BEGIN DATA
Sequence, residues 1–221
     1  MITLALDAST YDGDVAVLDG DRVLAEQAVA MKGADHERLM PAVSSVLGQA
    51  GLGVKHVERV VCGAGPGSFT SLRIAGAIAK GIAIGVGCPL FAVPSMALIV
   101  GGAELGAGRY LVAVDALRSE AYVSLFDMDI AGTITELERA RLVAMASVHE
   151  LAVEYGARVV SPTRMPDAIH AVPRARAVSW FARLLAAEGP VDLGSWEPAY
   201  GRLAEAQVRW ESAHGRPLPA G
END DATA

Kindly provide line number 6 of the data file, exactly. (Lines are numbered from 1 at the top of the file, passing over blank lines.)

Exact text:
   201  GRLAEAQVRW ESAHGRPLPA G